With the objective of analyzing the problems related to the design and construction of sewerage systems for residential areas, the American communities of Bradenton in Florida, Springfield in Missouri, Anaheim in California and Baltimore County in Maryland, with the support of the Department of Environmental Engineering Sciences at Johns Hopkins University, during the years 1959 to 1963, they carried out an investigation, which allowed to identify that the flow of waters found in the times of rain, exceeded in some localities, up to twice the average flow of residual waters in dry time, this due to the bad construction of sewers generated the infiltration of underground waters and erroneous connections of drainage of rain waters. [49].

Also in the majority of the evaluated places there were problems of obstruction in the collectors mainly by the intrusion of roots of trees and deposits of sediments of sands (soils without cohesion), this problematic was originated by the constructive system used, especially the mortar joints in the pipes, which have a minor resistance in comparison plastic joints. [49].

There is also research developed with other more ambitious purposes at the level of wastewater management, such as the studies developed by the University of Arizona in the United States in 2005 and the University of the Andes in conjunction with the Water and Sewerage Company of the city of Bogota in Colombia in 2013.

The objective of the first case was to monitor sanitary sewer networks in order to identify the possibility of overflows in the system, called SSO (Sanitary Sewer overflow), which can be caused by a variety of causes including, but not limited to, blockages, breaks in sewer lines, severe weather conditions, incorrect operation and maintenance of the system, and vandalism. A methodology was established to locate flow meters in the network and be able to apply a complete hydraulic model for the sewer system, the County of Pima Arizona was used as a case study, then the flows were calculated under normal conditions, to begin to simulate different scenarios in the system and thus could identify three possible critical places in the network in which should be installed permanent flow meters for constant monitoring, which would facilitate the detection of these blockages and avoid overflows in the network.[65].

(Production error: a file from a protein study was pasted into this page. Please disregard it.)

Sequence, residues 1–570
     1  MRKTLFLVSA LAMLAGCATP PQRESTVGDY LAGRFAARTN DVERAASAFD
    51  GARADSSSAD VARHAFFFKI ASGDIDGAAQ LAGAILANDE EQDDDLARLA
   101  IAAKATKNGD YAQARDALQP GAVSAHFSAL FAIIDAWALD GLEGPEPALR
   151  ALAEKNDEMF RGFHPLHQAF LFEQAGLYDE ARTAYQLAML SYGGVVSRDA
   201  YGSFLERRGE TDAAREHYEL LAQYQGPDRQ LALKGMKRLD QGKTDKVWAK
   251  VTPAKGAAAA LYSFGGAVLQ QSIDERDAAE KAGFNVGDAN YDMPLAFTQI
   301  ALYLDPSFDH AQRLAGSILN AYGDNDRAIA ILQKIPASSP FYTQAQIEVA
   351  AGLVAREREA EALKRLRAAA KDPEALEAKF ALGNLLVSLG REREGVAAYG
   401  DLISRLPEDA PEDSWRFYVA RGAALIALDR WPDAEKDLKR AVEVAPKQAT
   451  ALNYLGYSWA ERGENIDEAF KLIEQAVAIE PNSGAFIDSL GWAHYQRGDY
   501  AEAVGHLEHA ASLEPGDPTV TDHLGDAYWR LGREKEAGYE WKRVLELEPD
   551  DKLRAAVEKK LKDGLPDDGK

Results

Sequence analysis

In the second case, research was carried out based on seven years of monitoring and modelling to support the operation and development of the Bogotá (Colombia) wastewater system, in which the components evaluated were: (a) the database of collected flow and water quality found in the system, (b) Identification of wastewater pollution load generators, and (c) implementation of a sewerage network model that matched the information available from the two previous components. An operational model was constructed with a level of complexity scientifically justified but useful for the city of Bogotá to evaluate and manage the performance of the system and plan its development. More generally, the work demonstrated the value of monitoring and modeling programs that can be obtained through uncertainty and sensitivity analysis, as well as the applicability to growing megacities despite the computational and data costs that sophisticated contemporary high-resolution models of the sewerage system can generate [45].

As a complement to this research work, also in 2013 in the city of Bogota, a methodology was developed and evaluated to quantify the temporal and spatial variations of the input flows to the sewage system, in order to ensure the proper functioning of the expansion of the Salitre wastewater treatment plant and the construction of a new water treatment plant in the southeast of the city, for which it is necessary to understand the flow characteristics and water quality in the drainage system for dry and wet weather conditions. A stochastic model was implemented to determine the quantity and quality of water at the exit points of the sub-basins, where the treatment plants are located, from data collected since 2006 (24-hour time series), from a subsample of 29 sites selected from 150 available: also analyzed the existing variation in population density and time uses of the soil (residential, commercial, institutional or industrial), in the selected sub-basins and the general basins to which they belong [66].